Going to the bullpen.3rd and goal.Free throws late.Face off at the home end.
No matter what your sports metaphor, there's nothing more nerve-wracking than your team clinging to a lead in the late stages of the game against a dangerous opponent. Everything has to break your way for tha critical win.
You know my preferred sport....so here we are going into the top of the ninth with the Sox hanging on to a precarious one-run lead in Yankee Stadium (RIP) for all the marbles.
You know Jonathan Papelbon is coming on to put it away.
So what are YOU going to do to put it away this weekend? It's not too late to find a phone bank, or make a sign and hold it up on a streetcorner. Maybe your state allows early voting, this weekend is the perfect time to do it. And check around with your neighbors to see who might need a ride to the polls on Tuesday.
Of course, despite Senator Obama chiding us in recent weeks, we have reason to be optomistic and yes, even a bit smug. A new AP poll
backs up that feeling, and even goes so far as to suggest that McCain voters may just give up and stay home on election day.
WASHINGTON – That smiling guy walking down the street? Odds are he's a Barack Obama backer. The grouchy looking one? Don't ask, and don't necessarily count on him to vote next week, either.
More John McCain supporters feel glum about the presidential campaign while more of Obama's are charged up over it, according to an Associated Press-Yahoo News poll released Saturday.
The survey shows McCain backers have become increasingly upset in recent weeks, a period that has seen Obama take a firm lead in many polls. One expert says the contrasting moods could affect how likely the two candidates' supporters are to vote on Election Day, possibly dampening McCain's turnout while boosting Obama's.
While 43 percent of the Democrat Obama's backers said they are excited over the campaign, just 13 percent of McCain's said so, according to the survey of adults, conducted by Knowledge Networks. Six in 10 Obama supporters said the race interests them, compared to four in 10 backing McCain, the Republican senator from Arizona.
On the flip side, 52 percent of McCain supporters said the campaign has left them frustrated, compared to 30 percent of Obama's. A quarter of McCain backers say they feel helpless, double the rate of those preferring Obama, the Illinois senator.
More McCain supporters also feel angry and bored, while Obama's are likelier to say they are proud and hopeful.
All of this is a bad sign for McCain, according to George E. Marcus, a political scientist from Williams College who has studied the role emotion plays in politics. Negative feelings about a campaign can discourage voters by making them less likely to go through what can be a painful process: Voting for someone who will lose.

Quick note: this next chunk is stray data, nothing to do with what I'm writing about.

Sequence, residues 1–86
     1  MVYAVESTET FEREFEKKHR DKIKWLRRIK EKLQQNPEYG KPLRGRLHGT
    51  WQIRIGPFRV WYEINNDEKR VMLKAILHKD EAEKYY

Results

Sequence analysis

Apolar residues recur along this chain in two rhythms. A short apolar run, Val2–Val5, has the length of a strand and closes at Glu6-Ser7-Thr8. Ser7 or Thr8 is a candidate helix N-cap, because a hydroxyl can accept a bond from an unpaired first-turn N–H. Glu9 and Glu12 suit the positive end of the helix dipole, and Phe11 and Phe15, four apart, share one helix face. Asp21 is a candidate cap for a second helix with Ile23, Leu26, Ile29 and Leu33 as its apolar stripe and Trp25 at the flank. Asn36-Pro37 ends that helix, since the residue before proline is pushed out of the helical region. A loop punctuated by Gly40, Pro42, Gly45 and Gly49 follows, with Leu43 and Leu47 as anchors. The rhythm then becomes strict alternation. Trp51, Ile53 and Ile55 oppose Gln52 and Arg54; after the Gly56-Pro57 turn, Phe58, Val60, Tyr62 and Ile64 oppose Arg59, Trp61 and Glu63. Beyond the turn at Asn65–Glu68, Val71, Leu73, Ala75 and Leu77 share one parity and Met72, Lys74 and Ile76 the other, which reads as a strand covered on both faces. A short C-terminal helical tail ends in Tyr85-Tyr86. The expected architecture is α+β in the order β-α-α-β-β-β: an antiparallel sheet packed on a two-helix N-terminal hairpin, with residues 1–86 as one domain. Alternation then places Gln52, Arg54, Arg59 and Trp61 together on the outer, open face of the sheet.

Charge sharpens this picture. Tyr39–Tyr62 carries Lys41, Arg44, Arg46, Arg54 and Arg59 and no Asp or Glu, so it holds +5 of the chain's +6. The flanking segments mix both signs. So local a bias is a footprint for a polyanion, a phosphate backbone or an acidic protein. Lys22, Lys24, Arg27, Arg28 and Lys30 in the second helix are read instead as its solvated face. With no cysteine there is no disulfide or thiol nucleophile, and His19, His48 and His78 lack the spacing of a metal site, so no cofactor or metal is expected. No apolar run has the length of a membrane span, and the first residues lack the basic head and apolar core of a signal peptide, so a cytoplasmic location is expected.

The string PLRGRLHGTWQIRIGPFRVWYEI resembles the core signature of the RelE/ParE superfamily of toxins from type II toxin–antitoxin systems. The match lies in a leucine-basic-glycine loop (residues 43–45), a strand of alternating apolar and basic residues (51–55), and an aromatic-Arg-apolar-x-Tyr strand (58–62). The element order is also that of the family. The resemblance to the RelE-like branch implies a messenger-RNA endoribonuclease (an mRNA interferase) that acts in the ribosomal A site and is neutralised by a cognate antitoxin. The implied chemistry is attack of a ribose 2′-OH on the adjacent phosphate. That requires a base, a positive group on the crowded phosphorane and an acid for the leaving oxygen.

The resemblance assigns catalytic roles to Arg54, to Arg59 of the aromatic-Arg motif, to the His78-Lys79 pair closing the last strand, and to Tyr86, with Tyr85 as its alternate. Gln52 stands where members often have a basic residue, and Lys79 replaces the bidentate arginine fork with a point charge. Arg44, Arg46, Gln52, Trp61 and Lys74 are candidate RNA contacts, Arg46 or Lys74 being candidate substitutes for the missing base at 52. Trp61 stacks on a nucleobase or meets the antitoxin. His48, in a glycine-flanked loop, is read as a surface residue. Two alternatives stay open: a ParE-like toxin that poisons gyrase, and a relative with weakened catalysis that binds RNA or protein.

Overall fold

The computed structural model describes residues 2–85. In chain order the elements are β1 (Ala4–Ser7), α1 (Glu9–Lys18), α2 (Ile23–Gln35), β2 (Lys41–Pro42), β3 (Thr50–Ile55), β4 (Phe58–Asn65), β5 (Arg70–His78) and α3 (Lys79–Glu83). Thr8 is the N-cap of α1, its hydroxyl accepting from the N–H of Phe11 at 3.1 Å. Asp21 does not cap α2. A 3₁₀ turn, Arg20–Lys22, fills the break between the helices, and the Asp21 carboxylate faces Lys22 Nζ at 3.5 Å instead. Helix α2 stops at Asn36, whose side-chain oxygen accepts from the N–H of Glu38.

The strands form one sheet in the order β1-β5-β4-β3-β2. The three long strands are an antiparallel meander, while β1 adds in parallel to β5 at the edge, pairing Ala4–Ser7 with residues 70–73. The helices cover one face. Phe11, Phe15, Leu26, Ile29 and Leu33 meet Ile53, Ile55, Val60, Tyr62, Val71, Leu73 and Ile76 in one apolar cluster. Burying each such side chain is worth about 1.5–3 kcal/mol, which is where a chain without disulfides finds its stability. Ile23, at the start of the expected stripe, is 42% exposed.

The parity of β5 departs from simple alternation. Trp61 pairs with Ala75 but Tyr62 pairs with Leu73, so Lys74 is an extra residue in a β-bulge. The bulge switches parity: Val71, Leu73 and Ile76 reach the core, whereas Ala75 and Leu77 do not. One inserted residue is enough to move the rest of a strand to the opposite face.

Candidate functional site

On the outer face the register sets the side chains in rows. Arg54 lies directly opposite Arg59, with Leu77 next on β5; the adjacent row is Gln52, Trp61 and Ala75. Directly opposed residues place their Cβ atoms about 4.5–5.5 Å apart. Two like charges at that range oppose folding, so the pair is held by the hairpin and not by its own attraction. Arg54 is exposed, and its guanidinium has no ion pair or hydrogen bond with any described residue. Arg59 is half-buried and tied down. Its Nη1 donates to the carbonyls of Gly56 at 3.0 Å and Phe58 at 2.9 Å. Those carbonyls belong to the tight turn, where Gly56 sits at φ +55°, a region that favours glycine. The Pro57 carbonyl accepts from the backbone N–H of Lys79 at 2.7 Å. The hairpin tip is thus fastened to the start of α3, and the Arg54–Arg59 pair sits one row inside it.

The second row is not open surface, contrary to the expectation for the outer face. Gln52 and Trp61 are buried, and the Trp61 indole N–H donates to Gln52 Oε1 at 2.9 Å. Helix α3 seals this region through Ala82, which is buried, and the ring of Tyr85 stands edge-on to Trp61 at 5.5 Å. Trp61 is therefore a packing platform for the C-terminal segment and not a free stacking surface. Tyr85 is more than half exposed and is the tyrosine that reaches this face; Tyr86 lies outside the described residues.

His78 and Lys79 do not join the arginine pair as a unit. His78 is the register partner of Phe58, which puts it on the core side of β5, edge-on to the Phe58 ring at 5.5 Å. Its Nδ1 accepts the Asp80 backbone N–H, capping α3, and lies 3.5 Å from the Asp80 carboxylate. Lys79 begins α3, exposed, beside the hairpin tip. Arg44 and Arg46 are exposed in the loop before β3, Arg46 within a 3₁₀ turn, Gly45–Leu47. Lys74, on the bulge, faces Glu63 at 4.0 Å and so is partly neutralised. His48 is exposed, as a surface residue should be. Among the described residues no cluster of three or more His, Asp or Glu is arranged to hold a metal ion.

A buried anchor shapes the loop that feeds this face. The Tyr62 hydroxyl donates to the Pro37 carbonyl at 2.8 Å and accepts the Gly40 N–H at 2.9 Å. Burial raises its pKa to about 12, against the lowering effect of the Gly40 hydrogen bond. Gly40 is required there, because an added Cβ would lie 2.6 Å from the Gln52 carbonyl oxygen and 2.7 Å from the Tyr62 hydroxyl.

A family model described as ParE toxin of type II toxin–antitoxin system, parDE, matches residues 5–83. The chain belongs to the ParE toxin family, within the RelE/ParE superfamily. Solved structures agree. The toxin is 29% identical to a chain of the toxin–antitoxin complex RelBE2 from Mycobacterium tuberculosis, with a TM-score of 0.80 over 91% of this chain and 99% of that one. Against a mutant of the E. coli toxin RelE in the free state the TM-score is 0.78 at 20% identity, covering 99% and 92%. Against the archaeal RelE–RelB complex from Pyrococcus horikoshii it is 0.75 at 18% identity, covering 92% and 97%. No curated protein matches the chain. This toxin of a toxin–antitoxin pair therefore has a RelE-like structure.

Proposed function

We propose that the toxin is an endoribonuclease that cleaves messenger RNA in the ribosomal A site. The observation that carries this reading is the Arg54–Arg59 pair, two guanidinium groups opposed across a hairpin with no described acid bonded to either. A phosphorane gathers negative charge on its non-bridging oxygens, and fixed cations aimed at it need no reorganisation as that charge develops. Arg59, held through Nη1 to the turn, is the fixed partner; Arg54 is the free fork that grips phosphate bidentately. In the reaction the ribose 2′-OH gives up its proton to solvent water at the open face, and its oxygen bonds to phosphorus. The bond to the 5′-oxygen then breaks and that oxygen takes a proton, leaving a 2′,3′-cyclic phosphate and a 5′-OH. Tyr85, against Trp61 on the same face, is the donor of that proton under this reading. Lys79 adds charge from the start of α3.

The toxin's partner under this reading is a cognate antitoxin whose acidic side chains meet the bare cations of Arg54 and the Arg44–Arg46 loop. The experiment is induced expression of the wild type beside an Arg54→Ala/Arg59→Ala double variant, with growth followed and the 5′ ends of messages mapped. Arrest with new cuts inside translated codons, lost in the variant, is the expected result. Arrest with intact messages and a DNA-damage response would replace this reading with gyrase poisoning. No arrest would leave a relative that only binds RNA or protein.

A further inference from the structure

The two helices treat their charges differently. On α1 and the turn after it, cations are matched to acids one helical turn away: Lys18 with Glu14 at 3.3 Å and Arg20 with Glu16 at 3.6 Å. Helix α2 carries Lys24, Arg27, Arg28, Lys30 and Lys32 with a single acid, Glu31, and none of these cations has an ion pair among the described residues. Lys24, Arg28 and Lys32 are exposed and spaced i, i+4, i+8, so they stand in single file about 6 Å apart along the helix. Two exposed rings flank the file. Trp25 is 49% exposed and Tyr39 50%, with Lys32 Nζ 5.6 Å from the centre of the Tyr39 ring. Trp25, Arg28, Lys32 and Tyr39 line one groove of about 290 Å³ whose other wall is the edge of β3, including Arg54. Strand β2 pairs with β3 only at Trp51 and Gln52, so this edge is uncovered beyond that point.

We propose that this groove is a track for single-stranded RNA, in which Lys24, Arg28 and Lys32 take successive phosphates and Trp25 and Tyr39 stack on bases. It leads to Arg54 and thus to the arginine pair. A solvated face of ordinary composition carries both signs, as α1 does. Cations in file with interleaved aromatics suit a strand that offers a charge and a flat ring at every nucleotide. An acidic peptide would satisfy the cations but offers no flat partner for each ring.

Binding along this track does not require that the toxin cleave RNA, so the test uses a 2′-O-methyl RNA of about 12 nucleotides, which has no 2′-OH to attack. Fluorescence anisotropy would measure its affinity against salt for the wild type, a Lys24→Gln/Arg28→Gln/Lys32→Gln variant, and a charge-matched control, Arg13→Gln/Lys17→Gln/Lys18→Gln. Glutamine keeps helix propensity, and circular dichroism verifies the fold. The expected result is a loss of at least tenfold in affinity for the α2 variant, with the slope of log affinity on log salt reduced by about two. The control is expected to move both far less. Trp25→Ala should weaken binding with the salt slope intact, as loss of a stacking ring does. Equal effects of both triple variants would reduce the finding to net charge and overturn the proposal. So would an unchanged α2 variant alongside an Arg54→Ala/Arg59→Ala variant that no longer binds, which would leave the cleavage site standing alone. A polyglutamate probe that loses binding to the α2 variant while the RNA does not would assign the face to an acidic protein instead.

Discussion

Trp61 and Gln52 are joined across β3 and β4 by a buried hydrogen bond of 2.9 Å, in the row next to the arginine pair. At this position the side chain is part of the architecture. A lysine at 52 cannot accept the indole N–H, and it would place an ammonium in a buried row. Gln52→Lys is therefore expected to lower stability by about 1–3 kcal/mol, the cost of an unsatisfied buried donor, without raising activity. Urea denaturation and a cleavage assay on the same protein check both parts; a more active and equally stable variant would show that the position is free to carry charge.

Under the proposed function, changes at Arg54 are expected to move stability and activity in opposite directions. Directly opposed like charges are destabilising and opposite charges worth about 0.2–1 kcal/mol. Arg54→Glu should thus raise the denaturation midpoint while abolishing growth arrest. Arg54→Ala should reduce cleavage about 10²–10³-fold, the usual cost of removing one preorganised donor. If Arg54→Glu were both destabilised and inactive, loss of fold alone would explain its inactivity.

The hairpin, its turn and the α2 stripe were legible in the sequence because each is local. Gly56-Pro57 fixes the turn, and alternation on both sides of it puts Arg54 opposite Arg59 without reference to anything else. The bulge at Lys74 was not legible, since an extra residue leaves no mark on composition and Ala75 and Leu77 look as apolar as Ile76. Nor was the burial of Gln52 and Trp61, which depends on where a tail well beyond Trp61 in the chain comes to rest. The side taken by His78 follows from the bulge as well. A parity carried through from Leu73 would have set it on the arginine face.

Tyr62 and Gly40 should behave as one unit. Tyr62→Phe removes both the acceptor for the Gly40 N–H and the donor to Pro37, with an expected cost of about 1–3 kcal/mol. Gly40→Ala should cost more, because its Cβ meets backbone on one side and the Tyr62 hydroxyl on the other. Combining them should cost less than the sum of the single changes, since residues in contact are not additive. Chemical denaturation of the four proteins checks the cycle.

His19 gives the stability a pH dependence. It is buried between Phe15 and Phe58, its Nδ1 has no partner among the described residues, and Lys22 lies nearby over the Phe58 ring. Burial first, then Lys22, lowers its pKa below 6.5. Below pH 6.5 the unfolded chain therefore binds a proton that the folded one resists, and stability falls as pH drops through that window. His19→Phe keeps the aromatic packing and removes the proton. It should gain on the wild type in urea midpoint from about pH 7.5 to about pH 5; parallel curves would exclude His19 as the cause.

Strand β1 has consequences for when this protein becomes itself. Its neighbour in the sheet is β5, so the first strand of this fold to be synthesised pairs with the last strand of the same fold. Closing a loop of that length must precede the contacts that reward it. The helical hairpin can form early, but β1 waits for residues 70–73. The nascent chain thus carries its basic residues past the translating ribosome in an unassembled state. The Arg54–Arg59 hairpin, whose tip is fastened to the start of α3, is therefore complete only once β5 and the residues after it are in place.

"If I'm getting my head handed to me by a tennis player, my brain is saying, 'Do I want a second match? No,'" Marcus said. "Why do something that's going to lead to failure?"
Marcus said such emotions can be overcome by outside events, such as a campaign or neighbor urging a person to vote. There's also the danger exuberant Obama backers might decide not to vote because of overconfidence. The Obama and McCain organizations combined have spent hundreds of millions of dollars for those very reasons.
Obama leads McCain among likely voters in the AP-Yahoo News poll, 51 percent to 43 percent.
Supporters of McCain cite a dislike for Obama, dissatisfaction with the campaign's tone and frustration with how news organizations have treated their candidate.
"Flat disgusted, how's that?" said Billie Hart, 80, a Houston Republican backing McCain. "Because that's the way I feel about it. I don't like the individual."
Many Democrats say they're energized by a candidate they perceive as different from most politicians and who can make a real difference.
"Elections have always been so ho-hum," said Kathleen Rockwell, 61, an Obama supporter from Redmond, Wash. This time, "I feel connected. And that feels good."
Ah, but there's still a dark side. The GOP machine is still trying its hardest to disenfranchise voters in many states. Your best defense is a strong offense, so check out the websites below and make sure you carry a couple of phone numbers and a valid picture ID (state license or passport) with you to the polls Tuesday, even if your state doesn't require it.http://www.866ourvote.org/http://www.aclu.org/votingrights/gen/36695res20080909.htmlhttp://www.democrats.org/page/content/voterprotection/http://www.gregpalast.com/sbyv/http://www.vote411.org/http://www.aflcio.org/issues/civilrights/votingrights.cfm
This is it, folks. Eight years of heartache, angst, and outright hatred can come to an end. Don't do it for your parents; don't even do it for yourself. It's our children that will be the primary beneficiaries of all our efforts these past two years.
Let's make it happen. 70 hours to go!